Our colleagues at ML Strategies have provided their Health Care Weekly Preview for the week of September 11, 2017.  This week’s preview focuses on Congress’ efforts to stabilize the ACA marketplaces, as well as the proposal from Senators Lindsey Graham (SC) and Bill Cassidy (LA) to use block grants to fund Medicaid expansion and private insurance subsidies.

As we gear up for a busy week in Washington, D.C., our colleagues at ML Strategies have provided a Health Care Weekly Preview.  This week’s preview describes upcoming hearing on safety net health programs and prescription drug costs along with the progress of the American Health Care Act.  Stay tuned for additional updates and analysis from ML Strategies.

Medicaid expansion in the Affordable Care Act (ACA) required coverage of individuals with incomes from 0% of the federal poverty level (FPL) through 133% of the FPL.  The requirement to cover this group was overturned in NFIB v. Sebelius.  As a result, it is now up to states to determine whether they will offer Medicaid coverage to these individuals.  This new category of eligible Medicaid beneficiaries is often referred to as childless adults.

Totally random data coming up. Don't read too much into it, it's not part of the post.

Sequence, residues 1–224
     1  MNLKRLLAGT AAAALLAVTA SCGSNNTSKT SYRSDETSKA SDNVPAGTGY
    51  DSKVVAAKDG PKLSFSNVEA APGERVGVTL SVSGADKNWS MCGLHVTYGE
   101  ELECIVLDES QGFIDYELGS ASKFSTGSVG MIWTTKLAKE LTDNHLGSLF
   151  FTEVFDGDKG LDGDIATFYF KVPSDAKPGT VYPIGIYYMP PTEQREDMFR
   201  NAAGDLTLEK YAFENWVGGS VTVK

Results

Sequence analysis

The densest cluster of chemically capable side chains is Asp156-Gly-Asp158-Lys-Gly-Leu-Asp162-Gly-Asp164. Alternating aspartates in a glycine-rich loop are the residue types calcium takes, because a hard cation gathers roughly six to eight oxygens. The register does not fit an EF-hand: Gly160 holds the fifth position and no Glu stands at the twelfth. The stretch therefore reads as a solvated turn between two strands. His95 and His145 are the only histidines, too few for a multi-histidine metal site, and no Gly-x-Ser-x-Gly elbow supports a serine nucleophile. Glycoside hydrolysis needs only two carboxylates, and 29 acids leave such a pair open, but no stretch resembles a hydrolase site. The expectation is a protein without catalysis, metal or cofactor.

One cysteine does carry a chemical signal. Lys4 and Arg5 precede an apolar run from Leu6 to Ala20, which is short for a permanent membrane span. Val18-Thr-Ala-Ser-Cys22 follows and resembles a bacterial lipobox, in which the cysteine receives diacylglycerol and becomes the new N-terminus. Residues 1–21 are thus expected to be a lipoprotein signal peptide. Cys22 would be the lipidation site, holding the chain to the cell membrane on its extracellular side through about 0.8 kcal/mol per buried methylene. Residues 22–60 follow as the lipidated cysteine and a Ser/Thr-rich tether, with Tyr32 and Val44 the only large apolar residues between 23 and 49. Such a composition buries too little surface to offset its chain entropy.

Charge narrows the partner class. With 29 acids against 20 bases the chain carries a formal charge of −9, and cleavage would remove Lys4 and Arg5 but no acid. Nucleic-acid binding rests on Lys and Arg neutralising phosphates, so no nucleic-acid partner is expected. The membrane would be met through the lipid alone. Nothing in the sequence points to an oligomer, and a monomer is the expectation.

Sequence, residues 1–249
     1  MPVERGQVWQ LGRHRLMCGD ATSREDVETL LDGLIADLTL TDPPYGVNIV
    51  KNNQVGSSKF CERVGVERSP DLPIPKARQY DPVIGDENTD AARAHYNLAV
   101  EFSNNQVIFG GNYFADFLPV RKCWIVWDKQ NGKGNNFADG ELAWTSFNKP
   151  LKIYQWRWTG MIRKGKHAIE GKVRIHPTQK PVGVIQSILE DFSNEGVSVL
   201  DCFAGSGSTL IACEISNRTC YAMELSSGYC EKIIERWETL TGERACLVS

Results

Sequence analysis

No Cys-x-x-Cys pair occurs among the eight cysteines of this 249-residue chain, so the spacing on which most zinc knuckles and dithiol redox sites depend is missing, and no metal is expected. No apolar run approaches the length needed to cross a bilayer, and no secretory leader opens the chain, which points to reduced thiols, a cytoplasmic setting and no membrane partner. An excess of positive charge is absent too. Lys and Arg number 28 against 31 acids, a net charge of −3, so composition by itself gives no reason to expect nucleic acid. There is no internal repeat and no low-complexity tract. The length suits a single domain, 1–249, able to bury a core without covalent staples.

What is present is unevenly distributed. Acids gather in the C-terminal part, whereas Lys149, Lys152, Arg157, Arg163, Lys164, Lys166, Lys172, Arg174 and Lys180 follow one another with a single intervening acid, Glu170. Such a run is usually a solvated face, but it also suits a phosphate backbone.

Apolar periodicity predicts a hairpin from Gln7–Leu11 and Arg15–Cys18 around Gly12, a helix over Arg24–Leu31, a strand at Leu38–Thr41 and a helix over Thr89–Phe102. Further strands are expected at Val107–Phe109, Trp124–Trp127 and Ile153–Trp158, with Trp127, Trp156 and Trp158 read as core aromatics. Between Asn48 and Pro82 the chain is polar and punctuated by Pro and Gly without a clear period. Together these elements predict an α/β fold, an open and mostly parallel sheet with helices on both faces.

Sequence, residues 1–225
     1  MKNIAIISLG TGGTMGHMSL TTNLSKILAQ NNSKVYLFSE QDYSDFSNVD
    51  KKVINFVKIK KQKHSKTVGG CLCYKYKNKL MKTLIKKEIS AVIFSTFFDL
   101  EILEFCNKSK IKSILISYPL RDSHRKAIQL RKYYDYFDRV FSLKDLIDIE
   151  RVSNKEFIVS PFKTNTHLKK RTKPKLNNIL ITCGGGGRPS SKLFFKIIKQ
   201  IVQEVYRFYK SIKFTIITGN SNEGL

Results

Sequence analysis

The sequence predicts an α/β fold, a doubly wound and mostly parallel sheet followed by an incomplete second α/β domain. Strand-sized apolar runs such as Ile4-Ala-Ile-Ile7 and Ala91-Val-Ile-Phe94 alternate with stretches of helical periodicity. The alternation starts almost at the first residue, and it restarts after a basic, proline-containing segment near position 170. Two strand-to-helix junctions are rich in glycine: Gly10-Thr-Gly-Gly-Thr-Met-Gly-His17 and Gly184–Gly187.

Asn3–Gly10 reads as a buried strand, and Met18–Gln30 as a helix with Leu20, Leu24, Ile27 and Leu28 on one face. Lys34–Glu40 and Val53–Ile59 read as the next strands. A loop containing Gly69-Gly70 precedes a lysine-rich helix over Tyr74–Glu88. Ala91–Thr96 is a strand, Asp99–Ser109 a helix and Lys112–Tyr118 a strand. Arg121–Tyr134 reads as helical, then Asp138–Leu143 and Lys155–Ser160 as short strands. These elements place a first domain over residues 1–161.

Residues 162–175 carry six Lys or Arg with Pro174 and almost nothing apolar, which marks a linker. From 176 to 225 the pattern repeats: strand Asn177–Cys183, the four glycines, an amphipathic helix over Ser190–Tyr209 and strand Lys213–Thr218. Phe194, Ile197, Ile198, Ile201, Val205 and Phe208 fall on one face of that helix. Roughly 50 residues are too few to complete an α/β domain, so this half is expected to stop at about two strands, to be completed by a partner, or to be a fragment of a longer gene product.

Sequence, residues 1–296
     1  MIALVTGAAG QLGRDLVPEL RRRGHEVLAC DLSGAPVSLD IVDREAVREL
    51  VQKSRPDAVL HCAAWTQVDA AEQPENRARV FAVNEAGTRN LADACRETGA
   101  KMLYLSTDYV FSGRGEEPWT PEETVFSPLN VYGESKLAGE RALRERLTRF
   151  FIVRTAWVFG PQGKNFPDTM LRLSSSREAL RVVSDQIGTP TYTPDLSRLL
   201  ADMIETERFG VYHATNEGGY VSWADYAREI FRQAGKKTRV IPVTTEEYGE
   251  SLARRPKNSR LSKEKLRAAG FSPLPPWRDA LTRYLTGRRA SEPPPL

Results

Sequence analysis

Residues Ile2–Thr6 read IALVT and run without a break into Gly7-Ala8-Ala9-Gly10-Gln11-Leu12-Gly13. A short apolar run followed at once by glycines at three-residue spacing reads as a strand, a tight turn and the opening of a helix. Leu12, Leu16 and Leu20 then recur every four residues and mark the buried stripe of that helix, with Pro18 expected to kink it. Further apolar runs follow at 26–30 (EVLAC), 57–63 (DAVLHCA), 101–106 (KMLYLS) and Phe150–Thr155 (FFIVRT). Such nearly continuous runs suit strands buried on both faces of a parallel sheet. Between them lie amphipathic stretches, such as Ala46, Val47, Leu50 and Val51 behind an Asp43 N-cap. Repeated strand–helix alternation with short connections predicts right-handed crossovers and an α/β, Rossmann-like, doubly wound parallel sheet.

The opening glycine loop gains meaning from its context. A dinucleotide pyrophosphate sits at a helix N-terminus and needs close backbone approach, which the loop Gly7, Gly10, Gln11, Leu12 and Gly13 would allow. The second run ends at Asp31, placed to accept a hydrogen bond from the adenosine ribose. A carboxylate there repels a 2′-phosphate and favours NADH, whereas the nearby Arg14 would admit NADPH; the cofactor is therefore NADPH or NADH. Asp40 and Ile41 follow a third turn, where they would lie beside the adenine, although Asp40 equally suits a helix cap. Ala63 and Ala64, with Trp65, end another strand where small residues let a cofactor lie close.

A number of Republicans, both governors and those in Congress, have taken to using the term “able-bodied” to refer to this group.  If you are able-boded, the theory goes, the Medicaid program should reasonably expect you to work. As a result, some Medicaid expansion and Medicaid reform proposals have included work requirements as an eligibility criteria for Medicaid. We can expect this topic to continue to be raised as we get deeper into ACA reform. Continue Reading Who Are the Medicaid Able-Bodied?

Last week, the Centers for Medicare & Medicaid Services (CMS) approved Indiana’s waiver under Section 1115 of the Social Security Act to implement Medicaid expansion, making it the 29th state (including the District of Columbia) to expand Medicaid.  Indiana’s program, referred to as the Healthy Indiana Plan (HIP) 2.0 will cover up to 350,000 individuals, including individuals ages 19 to 64 with annual incomes under 138 percent of the federal poverty level (FPL) beginning February 1, 2015.  Under HIP 2.0, beneficiaries will receive services through one of two benefit packages, HIP Basic or HIP Plus, based on the individuals’ incomes and contributions to POWER accounts, which the State describes as types of health savings accounts.

In approving Indiana’s waiver, CMS approved several provisions that have not been approved in other Medicaid expansion programs or waivers, which may entice other states to consider, or reconsider, expansion.  Continue Reading What Indiana’s Medicaid Expansion Means For Other States